Randy Jones has been hired as Wayne County's new Solid Waste Coordinator. Fiscal court agreed to hire Jones during a meeting on Thursday, February 13.
Jones will begin in that position on March 2 and will be paid $17
per hour, according to the action taken by magistrates.
Jones will fill the vacancy left by Tim Bell, who left the position
at the end of 2019.
During a meeting in January, magistrates hired Ricky Kempton to
serve as Assistant Solid Waste Coordinator, and County Judge-
Exeuctive Mike Anderson said that he would fill in as Solid Waste
Coordinator in the interim.
During last week's meeting, Anderson recommended that the court hire
He noted that Jones has management experience and he was confident
in his abilities.
Magistrates approved the recommendation unanimously.
The construction of a Mesonet weather site in Wayne County continues
to move forward, as magistrates approved a sponsorship agreement and
an installation agreement with the Kentucky Climate Center at Western
A site for the station has already been selected and the agreement
with the property owner has already been signed, according to the
discussion at last week's meeting.
The county has included $15,000 in its budget for the Mesonet
station, which will provide real-time weather information and can be
accessed by computer.
There will also be an annual maintenance fee that the county will
Construction should begin as soon as weather permits, and the
Mesonet station could be completed by late summer.
Dan Vickery, a member of the local farm community, commended the
court for their action in acquiring the Mesonet station in Wayne County.
He noted he was part of a farm organization that will likely approve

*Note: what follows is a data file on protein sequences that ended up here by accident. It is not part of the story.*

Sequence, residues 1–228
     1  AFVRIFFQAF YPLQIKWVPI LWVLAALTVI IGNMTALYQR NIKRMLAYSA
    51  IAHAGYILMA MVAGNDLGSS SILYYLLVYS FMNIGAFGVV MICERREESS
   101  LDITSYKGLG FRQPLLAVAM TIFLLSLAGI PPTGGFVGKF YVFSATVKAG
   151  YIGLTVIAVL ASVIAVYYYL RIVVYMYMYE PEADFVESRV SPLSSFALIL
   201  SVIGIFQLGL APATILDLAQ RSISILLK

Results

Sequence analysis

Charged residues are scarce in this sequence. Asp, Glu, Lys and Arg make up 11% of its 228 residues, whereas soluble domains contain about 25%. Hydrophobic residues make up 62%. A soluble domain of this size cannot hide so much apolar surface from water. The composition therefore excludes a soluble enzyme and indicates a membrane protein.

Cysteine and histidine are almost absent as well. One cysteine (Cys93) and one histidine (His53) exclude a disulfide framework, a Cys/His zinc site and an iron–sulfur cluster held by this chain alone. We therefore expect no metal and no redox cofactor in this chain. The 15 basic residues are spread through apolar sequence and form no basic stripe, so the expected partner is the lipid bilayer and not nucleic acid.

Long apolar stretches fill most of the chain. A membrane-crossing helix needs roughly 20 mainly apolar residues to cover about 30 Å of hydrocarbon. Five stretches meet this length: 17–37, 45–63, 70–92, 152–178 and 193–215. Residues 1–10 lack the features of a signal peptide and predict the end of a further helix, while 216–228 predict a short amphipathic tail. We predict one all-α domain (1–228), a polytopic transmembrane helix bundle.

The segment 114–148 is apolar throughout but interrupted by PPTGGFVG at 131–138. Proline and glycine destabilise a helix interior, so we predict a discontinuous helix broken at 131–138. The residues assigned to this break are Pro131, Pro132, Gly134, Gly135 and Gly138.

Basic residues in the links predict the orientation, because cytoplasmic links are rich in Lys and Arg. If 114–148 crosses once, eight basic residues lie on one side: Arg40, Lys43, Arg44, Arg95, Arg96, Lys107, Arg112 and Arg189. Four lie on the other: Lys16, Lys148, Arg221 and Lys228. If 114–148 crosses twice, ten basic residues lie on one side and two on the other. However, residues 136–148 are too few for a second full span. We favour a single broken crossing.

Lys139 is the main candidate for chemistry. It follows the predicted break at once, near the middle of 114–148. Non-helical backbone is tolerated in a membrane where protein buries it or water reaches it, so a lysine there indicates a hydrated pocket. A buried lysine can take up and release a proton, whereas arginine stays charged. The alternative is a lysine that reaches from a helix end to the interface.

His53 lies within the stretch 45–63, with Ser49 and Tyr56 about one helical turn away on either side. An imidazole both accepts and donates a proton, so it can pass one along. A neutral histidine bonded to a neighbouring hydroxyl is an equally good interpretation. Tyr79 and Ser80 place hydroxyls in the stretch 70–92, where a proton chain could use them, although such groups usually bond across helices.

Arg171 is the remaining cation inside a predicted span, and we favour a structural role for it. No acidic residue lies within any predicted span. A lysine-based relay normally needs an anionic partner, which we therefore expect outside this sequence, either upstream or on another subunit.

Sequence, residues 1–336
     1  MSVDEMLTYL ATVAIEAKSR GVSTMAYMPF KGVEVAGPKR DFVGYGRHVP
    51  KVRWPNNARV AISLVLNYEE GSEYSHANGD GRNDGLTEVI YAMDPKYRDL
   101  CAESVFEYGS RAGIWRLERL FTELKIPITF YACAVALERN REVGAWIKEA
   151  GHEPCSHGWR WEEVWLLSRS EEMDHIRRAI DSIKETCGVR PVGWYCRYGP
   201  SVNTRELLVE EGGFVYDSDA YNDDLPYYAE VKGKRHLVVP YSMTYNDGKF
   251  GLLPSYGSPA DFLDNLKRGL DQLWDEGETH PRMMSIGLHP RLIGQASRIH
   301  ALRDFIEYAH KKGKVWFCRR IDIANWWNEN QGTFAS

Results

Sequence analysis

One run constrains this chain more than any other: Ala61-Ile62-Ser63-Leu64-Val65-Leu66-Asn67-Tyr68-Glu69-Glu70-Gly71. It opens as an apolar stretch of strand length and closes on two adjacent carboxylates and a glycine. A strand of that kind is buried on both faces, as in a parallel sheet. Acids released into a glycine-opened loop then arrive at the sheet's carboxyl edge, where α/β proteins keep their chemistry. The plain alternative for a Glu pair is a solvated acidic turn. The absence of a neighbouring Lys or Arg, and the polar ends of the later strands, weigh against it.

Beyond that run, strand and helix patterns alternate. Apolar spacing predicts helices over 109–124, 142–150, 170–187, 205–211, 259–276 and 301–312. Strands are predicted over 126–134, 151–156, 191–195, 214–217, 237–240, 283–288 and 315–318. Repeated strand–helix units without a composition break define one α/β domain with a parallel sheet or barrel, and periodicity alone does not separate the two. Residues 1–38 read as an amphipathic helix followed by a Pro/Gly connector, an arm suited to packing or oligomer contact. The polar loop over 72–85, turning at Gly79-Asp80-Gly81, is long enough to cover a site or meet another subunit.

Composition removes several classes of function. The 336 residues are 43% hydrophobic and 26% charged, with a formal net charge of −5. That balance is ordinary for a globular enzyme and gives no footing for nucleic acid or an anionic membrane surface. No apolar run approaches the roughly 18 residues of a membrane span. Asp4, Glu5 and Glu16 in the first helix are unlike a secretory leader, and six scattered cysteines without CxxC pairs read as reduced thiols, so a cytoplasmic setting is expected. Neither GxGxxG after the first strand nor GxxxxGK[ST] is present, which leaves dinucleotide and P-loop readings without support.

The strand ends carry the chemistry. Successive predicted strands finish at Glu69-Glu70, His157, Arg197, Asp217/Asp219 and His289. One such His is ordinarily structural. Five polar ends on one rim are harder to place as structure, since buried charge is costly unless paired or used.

a donation to the Mesonet project. "This is important to our
farmers," said Vickery
Also during the meeting, the court heard a request from Myra Wilson
with the Cumberlands Workforce Development Board.
Wilson explained a re-entry program that they have been implementing
in jails, which is designed to help inmates who are preparing to
She noted this program has been started in Russell County and
Pulaski County. It is geared toward helping inmates find a career
path or plans for employment once they have served their sentence.
The court approved a Memorandum of Agreement for the program to be
implemented in the Wayne County Detention Center.
The court also heard a report from Bradley New, with the Kentucky
Transportation Cabinet. New said that $1,363.417 has been designated
for the rural secondary road program in Wayne County. Approximately
$681,700 has been designated for routine maintenance in the county.
The recommendations included the resurfacing a portion of of KY 200
from its intersection just south of KY 834. The cost of the project
Including leftover money from last year's budget, the county will
have approximately 272,683 in flex funds to spend through the program.
Also during the meeting, the court:
• Accepted excess fees in the amount of $9,168 from the sheriff's
• Accepted excess fees in the amount of $93,610 from the county
• Approved the rescue squad affiliation agreement, which must be
• Declared several vehicles as surplus so they can be sold by the
• Heard a monthly report from Jailer Ronnie Ellis who stated that
total population at the detention center is 203, which includes 63
county inmates and 140 state inmates. For the money of January, they
billed the state $135,514.16 for housing inmates.
• Heard a monthly report from Wayne County EMS Director Bubby Corder who stated that ambulance service answered a total of 297 calls in
• Agreed to advertise for the 1,250 foot extension of Raymond Duncan Road to be included into the county road system.
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